Mango chicken

Mango chicken
This recipe for mango chicken, with green chilli bhajis and mint yogurt dip was submitted to Kitchen Geekery by Dan May, author of the The Red Hot Chilli Cookbook and whose Trees Can’t Dance chilli products are sold throughout the UK.
Dan writes; "This dish creates wonderful exotic flavours by combining the smooth sweetness of mango and some quite traditional Indian spicing. I love mango in marinades: apart from being delicious in its own right, it carries other flavours so well and has great tenderising properties.
In this recipe we cook the chicken in the marinade, turning it into something of a cook-in sauce. This works well with homemade marinades as they tend not to have the acidity (needed to extend shelf life) of store-bought versions.
This marinade will also work very well with salmon fillets or even pork cutlets and can be cooked in the same way, just adjust your cooking time appropriately for your chosen ingredients.
Recommended Chillies: Fatali, Scotch Bonnet, Datil or failing that, any Habanero variety."
Prep Time 2 hours 15 minutes
Cook Time 45 minutes
Total Time 3 hours
Course Main Course
Cuisine Indian
Servings 4


  • 4 large skinless chicken breasts
  • 200 g fresh mango flesh, diced (from 1 mango, about 300g/10½oz)
  • 4 tbsp white wine vinegar
  • 4 tsp sugar
  • 1 small habanero or other very hot chilli (very finely chopped)
  • 2 garlic cloves (crushed)
  • a handful of fresh coriander (chopped)
  • 1-2 tbsp olive oil
  • 1 tsp mixed peppercorns
  • 1 tsp coriander seeds
  • 1 tsp fenugreek seeds
  • 1 tsp sea salt
  • ½ tsp fennel seeds
  • ½ tsp cumin seeds
  • salt & black pepper
  • pilaf rice (to serve)

caramelized lime, mint & yogurt dip

  • 300 g plain yogurt
  • 1 lime (quartered, + extra lime zest, to garnish)
  • a few fresh mint leaves
  • 1 tsp groundnut oil

green chilli bhajis

  • 500 ml sunflower oil
  • 250 g (chickpea) flour
  • 250 g cornflour
  • 1 large onion (finely diced)
  • 5 cm piece of fresh ginger (peeled and finely chopped)
  • 100 g mild green chillies (finely chopped)
  • 60 g plain whole yogurt
  • 3-4 garlic cloves (finely chopped)
  • 4 tbsp coriander seeds
  • 4 tbsp nigella (black onion) seeds
  • 4 tbsp yellow mustard seeds
  • 4 tbsp fenugreek seeds
  • 3 tbsp hot curry powder
  • 1 tbsp fennel seeds
  • ½ tbsp whole cloves
  • grated zest and juice of 2 limes


Preparing the marinade

  • Toast the spices in a hot, dry frying pan over medium heat until the seeds start to pop. Then grind them, together with the salt, using a pestle and mortar.
  • Put the ground spices, mango, vinegar, sugar, chilli, garlic and coriander into a food processor and blend for about 30 seconds, or until smooth. If required, loosen the marinade with 1–2 tablespoons olive oil.
  • Lightly score the chicken breasts with a sharp knife, place them into a deep bowl and cover with the marinade. Use your hands to rub the marinade well into the meat. Cover and refrigerate for at least 2 hours. This can be done first thing in the morning and left to marinate until the evening.

The caramelized lime, mint, and yogurt dip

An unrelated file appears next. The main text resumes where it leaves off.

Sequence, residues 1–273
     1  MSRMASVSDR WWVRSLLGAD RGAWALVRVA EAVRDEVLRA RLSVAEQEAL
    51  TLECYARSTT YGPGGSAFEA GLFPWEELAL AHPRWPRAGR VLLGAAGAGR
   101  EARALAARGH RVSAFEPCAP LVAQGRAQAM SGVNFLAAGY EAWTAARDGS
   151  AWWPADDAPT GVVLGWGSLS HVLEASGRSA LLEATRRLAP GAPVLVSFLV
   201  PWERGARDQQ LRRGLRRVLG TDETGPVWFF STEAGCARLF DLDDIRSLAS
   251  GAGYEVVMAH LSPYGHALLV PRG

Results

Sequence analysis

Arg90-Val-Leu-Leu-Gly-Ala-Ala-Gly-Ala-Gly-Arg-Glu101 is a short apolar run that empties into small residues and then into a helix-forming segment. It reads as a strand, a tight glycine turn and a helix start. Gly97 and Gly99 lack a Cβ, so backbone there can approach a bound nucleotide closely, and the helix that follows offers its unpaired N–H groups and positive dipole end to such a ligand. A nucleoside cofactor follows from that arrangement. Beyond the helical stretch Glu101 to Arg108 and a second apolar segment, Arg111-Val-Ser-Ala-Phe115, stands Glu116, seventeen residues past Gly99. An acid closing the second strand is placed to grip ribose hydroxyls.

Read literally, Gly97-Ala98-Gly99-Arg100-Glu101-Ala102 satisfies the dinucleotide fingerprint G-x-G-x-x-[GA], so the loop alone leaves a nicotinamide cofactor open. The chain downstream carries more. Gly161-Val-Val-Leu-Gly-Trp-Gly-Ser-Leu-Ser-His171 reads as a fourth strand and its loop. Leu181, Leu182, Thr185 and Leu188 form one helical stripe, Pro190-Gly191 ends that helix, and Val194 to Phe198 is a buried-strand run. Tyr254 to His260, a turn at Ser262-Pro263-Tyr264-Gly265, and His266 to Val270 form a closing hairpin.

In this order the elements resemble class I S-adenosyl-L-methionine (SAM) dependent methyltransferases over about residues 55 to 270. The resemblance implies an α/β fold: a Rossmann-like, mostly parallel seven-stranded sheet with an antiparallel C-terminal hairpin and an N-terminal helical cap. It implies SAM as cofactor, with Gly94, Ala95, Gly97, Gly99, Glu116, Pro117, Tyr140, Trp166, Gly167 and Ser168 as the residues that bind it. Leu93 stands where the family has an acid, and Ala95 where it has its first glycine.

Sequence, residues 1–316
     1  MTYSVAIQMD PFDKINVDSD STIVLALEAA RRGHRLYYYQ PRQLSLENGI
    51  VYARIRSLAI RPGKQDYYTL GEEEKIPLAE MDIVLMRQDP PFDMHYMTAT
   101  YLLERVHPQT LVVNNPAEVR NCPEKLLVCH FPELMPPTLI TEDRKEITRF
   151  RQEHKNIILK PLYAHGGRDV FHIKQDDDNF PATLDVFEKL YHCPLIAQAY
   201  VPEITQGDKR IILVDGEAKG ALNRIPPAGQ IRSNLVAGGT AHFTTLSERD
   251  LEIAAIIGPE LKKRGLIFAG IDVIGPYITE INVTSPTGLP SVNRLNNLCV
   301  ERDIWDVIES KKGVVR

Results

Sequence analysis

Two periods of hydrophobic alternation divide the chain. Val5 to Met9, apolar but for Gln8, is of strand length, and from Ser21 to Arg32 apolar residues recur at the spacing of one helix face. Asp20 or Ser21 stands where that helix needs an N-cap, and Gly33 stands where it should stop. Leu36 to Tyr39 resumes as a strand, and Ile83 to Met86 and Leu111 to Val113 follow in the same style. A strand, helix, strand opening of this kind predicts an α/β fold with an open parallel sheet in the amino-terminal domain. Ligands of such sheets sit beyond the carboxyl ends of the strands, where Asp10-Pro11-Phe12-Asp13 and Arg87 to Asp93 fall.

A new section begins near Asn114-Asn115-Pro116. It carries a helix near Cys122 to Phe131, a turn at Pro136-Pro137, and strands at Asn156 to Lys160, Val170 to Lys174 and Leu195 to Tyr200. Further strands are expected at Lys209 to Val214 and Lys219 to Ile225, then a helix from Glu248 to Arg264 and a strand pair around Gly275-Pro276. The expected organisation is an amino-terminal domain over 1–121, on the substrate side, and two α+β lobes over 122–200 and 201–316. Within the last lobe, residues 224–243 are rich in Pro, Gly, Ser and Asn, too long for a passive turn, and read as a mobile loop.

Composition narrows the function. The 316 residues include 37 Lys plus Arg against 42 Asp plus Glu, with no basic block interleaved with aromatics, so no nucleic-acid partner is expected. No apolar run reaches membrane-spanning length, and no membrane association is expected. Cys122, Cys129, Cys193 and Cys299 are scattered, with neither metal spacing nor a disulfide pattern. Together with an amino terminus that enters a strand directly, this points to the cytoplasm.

• Heat the oil in a frying pan over medium heat, add the lime quarters and fry each cut side until the surface begins to develop a strong colour. It can be useful to push the lime onto the hot surface of the pan to speed this process – this will force out a little more of the juice, aiding the caramelization.
  • Mix the yogurt and a pinch of black pepper in a small bowl. Squeeze the juice from the caramelized limes into the bowl. Take half the mint leaves and roughly tear them, then add to the bowl, too.
  • Stir, then garnish with the rest of the lime leaves and a little lime zest. Set aside.

The green chilli bhajis

  • Put the sunflower oil in a large saucepan and heat until it reaches 190˚C or 375˚F on a cooking thermometer. If you don’t have a cooking thermometer, the oil is ready when a 2.5-cm cube of white bread dropped into it browns in less than 60 seconds.
  • Meanwhile, toast all the seeds and the cloves in a hot, dry frying pan over medium heat until the seeds start to pop. Grind them using a pestle and mortar. Put the ground spices along with all the remaining ingredients in a mixing bowl and mix. Gradually add 250 ml water until the final mixture is firm but will drop from a spoon.
  • Place about 3 separate tablespoonfuls of the bhaji mix in the hot oil and fry for about 8 minutes, or until golden brown. Remove the bhajis from the pan using a slotted spoon and let them drain on kitchen paper, or something similar, before serving. Continue to cook the remaining bhajis in batches and keep the already cooked bhajis warm until needed.

The Mango Chicken

  • A few minutes before you are ready to start cooking the chicken, preheat the oven to 180˚C/350˚F or Gas Mark 4.
  • Place the chicken and its marinade in the deep casserole dish, cover with foil and cook in the preheated oven for 30 minutes. Remove the foil and return the chicken to the oven for a further 10 minutes, or until cooked through.

To serve

  • Serve on a bed of pilaf rice with green chilli bhajis and caramelized lime, mint & yogurt dip.
The Mango tree plays a sacred role in India; it is a symbol of love and some believe that the Mango tree can grant wishes.